A Travellerspoint blog

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Chilli-ing in Chengdu

A taste of Sichuan Province

semi-overcast 10 °C

A Weekend in Chengdu

Chengdu captured our hearts the very evening we arrived. Taking a stroll around the area near our hostel, it was easy to feel the difference in the atmosphere compared to Beijing or Shanghai. Chengdu is still huge, don’t get me wrong, but the people seem more laid back and a lot friendlier.

Arriving late afternoon, we didn’t venture too far on our first afternoon/ evening, but rather followed a suggested walking tour off a map from our (lovely and cozy) hostel. It took us into some incredibly local areas, down narrow pedestrian streets full of vendors selling everything from dried pig faces (nice image, right?) to little cakes. It’s safe to say that I felt rather out of place- but these streets are the very essence of Chinese neighbourhoods and were bubbling with life. Continuing the walking route, we found ourselves in a new built area where the streets were lined with small shops and tea houses. We stopped at a crossroads for a bottomless cup of tea each and people watched for an hour or so before heading back to the hostel for some cheap dinner.

The next day was the main event - Chengdu’s Giant Panda Research Centre. We got up at 6 (ish) and managed to find a taxi in the sleeping city. We got to the Centre before it opened and there was already a small queue forming at the ticket office. The sun was yet to rise so we had to use our phone lights on our way up to see the first pandas. We were lucky enough to be completely alone in the first panda house, where two out of three of the pandas were still asleep. It completely took my breath away to see the bears in such an intimate setting. We waited and saw the other two wake up slowly. It was an incredible start to the day and introduction to the pandas.


We then carried on further into the park. There were a few more people arriving and the sun had risen so more of the pandas were starting to move around. I could spend hours writing about the fantastic experience we had but I’m not sure I’d ever do it justice. My favourite moments were those when we found ourselves in quiet spots with a pair of pandas to watch as they ate their bamboo breakfast. We were also lucky enough to see the red pandas feeding on what looked like butternut squash. They were extremely cute and rather more agile than their giant relatives. We spent hours wandering around and being mesmerised by these creatures. It was undoubtably a highlight of China so far.


Later in the day, we headed back to the city and visited Renmin Park, a lively park which was full of residents going about their business such as performing traditional dance, strength competitions, character writing using water and playing in an orchestra... every corner we turned brought us to more curious business and kept us entertained. After the park, we visited an area which is called Kuanzhai Xiangzi. At first sight, it appeared to be rather hutong-y but Chengdu style. The narrow streets were absolutely packed with people looking at the folk crafts and were lined with circular gates leading into ‘ancient’ courtyards. It was a beautiful area and we strolled around, grabbing a few snacks along the way.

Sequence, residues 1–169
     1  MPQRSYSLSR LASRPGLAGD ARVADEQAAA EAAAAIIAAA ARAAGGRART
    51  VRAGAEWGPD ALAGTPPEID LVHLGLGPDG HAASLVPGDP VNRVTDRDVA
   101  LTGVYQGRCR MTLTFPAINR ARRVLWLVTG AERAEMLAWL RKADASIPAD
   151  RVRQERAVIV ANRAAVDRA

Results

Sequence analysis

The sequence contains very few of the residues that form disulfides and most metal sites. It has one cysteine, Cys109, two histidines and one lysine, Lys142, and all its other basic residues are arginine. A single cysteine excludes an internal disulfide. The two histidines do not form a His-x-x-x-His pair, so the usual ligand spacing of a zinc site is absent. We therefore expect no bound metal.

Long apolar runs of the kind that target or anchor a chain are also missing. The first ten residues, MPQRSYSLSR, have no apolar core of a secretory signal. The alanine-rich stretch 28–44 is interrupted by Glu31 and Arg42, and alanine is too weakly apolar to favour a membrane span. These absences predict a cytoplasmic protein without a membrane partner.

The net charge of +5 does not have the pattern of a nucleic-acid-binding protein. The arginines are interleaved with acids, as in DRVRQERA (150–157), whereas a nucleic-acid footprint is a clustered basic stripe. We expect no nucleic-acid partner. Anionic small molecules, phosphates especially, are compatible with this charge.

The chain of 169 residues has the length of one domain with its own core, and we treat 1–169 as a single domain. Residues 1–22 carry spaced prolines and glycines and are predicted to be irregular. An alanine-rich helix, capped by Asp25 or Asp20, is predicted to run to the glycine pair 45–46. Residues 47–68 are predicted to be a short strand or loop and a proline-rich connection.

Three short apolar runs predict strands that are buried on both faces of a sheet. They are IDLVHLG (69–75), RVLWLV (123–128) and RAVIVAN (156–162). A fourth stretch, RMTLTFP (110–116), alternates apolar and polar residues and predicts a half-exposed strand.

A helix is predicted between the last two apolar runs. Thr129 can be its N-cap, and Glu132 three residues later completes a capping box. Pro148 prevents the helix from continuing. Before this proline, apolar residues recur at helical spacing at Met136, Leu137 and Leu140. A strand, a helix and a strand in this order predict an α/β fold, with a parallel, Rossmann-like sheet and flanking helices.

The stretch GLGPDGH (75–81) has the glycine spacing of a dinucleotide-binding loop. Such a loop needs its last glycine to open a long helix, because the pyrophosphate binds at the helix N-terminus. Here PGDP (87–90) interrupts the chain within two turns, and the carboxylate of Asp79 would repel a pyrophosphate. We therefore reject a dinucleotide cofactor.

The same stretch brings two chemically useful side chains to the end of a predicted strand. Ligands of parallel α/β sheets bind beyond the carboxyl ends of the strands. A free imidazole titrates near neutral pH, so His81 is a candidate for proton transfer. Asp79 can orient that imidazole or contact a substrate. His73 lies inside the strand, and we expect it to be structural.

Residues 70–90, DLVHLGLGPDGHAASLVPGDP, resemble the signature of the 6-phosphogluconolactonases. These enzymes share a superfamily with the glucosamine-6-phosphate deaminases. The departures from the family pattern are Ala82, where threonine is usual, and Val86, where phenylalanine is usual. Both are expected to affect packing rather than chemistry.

On our way back to the hostel for a rest, we stopped at Wenshu Monastery for a quick look around. By this point we were pretty knackered but the monastery’s gardens provided a sanctuary of quiet.

That evening, we headed back out to meet up with some Germans we had met in Zhangjiajie for dinner. The hostel recommended us a Hot Pot restaurant where we could have a split pot - half spicy, half mild- which sounded perfect, as Will and I were keen to try some Sichuanese spice. The restaurant was awesome we had to queue for a table, the atmosphere was fantastic and the ceiling was lined with red lanterns which gave the place a very special feel. It soon became apparent, however, when the cauldron-like pot arrived, that “spicy” in these parts could rather be described as “lethal”. The majority of the bubbling pot was taken up with the spicy (lethal) soup which was laced with so many chillies that just inhaling made me cough. After a lot of stilted Chinese, we managed to change it so that only the small section of the pot was spicy and all of us thoroughly enjoyed cooking our food selection in the milder of the two pots... I did cook some of my food in the spicy part but the milder version was a lot easier to eat!


the lethal soup

The next day, we took a train out to Leshan to see a giant Buddha that was carved into a cliff several hundred years ago. Both Will and I were keen for some more steps after Zhangjiajie so we decided to do the ‘hike’ up to to his (huge) head and then down the cliff to his (huge) feet. It wasn’t the kind of hike we had in mind however, yes there were steps, but with many other people also trying to follow the route, it was more of a very leisurely stroll. The Buddha was very impressive and so was the scenery; in front of the Buddha, three rivers meet, and beyond them you can see the skyline of the city. We really enjoyed seeing such a huge carving and the relaxed walk through the bamboo jungle back down to the village before getting the bus back to the train station. We grabbed some street food off a cart outside the station and ate it in the sunshine before heading back to Chengdu.



Back in the city, we took a bus up to Jin Li Street, another area full of old style buildings which was even more impressive and picturesque than the previous day. The bus was a great way to see some different parts of the city and really made me realise how much Chengdu has to offer. In Jin Li Street, we stopped at a bar serving real beer and absorbed our surroundings as it turned dark and the red lights started lighting up. I love spending time in these ‘ancient’ streets because it really feels like old China and they often bring your expectations of China to life in an intoxicating manner. After wandering the streets for a while, we left to find some dinner in the form of a mild hot pot...